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Bacterial chromosomes run to the poles.

Over the years, biologists have developed a detailed picture of how dividing eukaryotic cells-cells with a nucleus-copy their chromosomes and parcel identical sets to the resulting pair of cells. Crucial to this dance of chromosomes is the mitotic spindle , an elaborate skeleton of proteins that segregates the threads of DNA appropriately (SN: 8/31/96, p. 140).

An unanswered question is whether bacteria-which, unlike human cells, don't have a nucleus-contain a spindle or some other cellular machinery to segregate chromosomes when they divide. Investigators probing this issue have been stymied because bacteria ar e so small and their chromosomes are more difficult to view than those of their eukaryotic counterparts.

Two research groups, both with reports in the March 7 Cell, now offer some promising insights into how bacteria divvy up their chromosomes. Dane A. Mohl and James W. Gober of the University of California, Los Angeles describe how two recently discovered p roteins, ParA and ParB, may help partition chromosomes in a dividing bacterium.

The researchers show that after a bacterium makes a copy of its single chromosome, the two proteins both gradually shift from the interior of the organism to opposing poles of the cell. Since ParA and ParB bind to specific DNA sequences on a chromosome, t heir movement hints that they may be part of the machinery that guides a pair of bacterial chromosomes to opposite ends of the cell before it splits in two. Indeed, when the scientists added extra ParA and ParB to dividing bacteria, they frequently disrup ted the normal segregation of chromosomes.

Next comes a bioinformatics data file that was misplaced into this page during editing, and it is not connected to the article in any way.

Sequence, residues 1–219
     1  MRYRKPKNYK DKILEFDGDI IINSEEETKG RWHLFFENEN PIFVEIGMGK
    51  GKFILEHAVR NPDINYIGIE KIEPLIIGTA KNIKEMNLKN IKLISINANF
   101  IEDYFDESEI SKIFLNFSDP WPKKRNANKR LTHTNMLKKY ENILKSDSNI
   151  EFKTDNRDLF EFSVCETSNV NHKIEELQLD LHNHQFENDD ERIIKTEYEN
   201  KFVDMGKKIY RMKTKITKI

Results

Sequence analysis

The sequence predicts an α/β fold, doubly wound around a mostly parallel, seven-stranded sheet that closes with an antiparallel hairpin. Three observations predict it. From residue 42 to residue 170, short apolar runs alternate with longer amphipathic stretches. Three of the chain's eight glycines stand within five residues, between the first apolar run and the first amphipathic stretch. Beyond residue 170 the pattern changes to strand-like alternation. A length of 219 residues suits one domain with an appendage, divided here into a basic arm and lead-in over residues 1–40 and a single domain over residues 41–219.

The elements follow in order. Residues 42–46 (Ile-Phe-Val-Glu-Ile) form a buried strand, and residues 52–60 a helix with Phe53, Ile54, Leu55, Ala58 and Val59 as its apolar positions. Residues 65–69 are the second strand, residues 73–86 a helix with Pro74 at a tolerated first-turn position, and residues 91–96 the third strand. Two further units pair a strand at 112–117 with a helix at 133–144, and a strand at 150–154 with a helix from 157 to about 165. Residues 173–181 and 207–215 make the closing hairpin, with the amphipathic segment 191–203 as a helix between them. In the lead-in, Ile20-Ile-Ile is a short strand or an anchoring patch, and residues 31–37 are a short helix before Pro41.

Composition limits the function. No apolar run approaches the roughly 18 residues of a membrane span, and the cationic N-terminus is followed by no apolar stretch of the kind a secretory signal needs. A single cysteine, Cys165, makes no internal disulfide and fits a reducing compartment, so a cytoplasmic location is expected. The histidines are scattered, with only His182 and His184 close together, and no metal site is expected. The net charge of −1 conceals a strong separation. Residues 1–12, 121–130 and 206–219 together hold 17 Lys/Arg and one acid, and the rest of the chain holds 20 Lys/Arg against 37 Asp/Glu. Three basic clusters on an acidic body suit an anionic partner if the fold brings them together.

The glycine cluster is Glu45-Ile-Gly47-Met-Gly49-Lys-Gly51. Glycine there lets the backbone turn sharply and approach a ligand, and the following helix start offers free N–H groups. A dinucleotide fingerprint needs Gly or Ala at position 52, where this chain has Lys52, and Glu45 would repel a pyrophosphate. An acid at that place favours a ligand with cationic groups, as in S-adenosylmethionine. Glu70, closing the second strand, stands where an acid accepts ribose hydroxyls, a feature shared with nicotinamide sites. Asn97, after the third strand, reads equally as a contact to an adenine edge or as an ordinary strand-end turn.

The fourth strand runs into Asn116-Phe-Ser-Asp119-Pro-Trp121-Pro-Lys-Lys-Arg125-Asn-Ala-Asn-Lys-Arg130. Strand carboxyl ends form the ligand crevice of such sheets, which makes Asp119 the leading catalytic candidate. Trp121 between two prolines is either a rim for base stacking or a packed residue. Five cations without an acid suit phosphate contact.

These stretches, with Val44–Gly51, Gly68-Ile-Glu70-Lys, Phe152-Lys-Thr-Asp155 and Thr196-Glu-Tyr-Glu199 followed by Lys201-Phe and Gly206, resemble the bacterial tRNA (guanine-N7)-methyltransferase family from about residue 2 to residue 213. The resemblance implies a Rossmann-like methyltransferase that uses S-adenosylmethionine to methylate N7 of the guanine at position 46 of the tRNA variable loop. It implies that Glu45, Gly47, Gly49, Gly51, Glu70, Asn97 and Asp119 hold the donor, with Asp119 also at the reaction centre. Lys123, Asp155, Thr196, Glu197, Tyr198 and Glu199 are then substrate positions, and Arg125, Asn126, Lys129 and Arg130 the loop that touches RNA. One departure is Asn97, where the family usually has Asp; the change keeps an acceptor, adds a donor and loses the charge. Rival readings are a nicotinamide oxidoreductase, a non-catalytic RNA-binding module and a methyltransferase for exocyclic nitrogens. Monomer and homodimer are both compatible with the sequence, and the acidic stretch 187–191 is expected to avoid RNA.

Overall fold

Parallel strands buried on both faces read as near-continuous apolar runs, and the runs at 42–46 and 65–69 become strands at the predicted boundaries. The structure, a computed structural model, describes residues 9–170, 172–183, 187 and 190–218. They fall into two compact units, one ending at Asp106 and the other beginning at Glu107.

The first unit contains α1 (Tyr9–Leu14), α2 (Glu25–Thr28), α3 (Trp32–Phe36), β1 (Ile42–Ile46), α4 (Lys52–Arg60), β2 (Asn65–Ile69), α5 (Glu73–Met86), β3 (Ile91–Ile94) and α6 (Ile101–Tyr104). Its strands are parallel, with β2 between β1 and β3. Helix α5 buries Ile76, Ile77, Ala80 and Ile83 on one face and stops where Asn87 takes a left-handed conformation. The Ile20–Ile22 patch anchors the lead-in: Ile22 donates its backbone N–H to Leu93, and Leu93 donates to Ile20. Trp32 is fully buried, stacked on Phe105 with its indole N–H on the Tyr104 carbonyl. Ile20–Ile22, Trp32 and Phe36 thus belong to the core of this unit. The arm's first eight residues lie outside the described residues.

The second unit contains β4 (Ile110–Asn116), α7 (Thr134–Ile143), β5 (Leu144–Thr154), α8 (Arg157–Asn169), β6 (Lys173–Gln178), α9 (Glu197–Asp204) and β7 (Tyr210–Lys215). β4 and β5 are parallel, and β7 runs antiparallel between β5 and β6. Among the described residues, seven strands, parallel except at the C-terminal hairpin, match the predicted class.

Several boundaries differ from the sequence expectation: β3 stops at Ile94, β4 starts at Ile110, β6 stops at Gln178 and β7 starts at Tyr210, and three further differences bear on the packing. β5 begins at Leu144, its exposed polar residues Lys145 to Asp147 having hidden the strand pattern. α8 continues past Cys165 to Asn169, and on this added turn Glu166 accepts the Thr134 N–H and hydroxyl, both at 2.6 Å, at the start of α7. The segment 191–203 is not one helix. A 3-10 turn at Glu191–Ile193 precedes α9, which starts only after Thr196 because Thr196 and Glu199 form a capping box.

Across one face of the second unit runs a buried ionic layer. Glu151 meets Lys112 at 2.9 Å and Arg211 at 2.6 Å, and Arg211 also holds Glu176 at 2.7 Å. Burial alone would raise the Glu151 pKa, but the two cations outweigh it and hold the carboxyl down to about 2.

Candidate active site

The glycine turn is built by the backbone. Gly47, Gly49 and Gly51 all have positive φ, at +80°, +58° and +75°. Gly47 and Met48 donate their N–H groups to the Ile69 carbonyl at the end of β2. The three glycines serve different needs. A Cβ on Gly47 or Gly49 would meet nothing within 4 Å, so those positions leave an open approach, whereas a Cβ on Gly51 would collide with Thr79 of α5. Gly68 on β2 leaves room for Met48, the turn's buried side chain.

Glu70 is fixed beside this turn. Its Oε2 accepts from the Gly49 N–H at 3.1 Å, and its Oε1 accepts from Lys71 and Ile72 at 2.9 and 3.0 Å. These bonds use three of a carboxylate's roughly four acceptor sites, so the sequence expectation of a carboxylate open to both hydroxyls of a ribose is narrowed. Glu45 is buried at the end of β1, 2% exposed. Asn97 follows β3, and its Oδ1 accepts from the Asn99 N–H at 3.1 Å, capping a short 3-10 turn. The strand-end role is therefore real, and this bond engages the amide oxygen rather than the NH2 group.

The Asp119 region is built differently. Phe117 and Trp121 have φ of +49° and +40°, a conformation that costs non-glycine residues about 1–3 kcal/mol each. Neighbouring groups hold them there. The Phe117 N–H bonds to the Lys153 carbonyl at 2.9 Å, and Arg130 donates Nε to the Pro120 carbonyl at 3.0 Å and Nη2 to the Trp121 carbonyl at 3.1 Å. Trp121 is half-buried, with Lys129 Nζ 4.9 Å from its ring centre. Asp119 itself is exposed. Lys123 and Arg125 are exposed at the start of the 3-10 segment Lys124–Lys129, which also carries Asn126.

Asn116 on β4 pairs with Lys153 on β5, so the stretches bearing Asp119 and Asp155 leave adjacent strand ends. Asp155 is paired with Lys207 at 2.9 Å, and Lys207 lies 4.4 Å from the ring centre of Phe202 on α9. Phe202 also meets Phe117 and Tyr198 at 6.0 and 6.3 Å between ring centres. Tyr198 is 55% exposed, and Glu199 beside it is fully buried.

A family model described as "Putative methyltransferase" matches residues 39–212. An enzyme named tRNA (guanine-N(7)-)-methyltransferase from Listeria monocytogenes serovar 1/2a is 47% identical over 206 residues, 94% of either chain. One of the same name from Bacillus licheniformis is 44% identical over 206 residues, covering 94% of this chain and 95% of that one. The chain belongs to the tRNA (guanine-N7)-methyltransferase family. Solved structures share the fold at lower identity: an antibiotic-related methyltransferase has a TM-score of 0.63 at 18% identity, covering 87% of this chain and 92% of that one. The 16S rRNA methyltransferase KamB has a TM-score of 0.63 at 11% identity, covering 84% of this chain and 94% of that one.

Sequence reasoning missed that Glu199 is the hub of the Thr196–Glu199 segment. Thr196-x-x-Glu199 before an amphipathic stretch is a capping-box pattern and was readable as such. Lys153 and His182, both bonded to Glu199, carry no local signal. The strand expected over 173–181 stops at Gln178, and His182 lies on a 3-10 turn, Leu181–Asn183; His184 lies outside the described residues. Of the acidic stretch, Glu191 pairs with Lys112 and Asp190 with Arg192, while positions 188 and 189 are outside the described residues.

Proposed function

In the other report, Chris D. Webb of Harvard University and his colleagues have made use of a method that induces specific bacterial DNA sequences to fluoresce. The scientists used this technique to label an area near the origin of replication, a well-kn own site on bacterial chromosomes. They then took snapshots of bacteria that had just copied their chromosomes. The pictures showed that the two chromosomes' origins of replication were usually at opposite ends of a dividing bacterium, implying that this region is involved when the bacterial chromosomes pull away from one another.

The next step in this research is to make "movies" that show how the origins move during a single cycle of bacterial division, says Webb.
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Title Annotation:Biology; ParA and ParB proteins may aid partition chromosomes in dividing bacterium
Author:Travis, John
Publication:Science News
Article Type:Brief Article
Date:Apr 19, 1997
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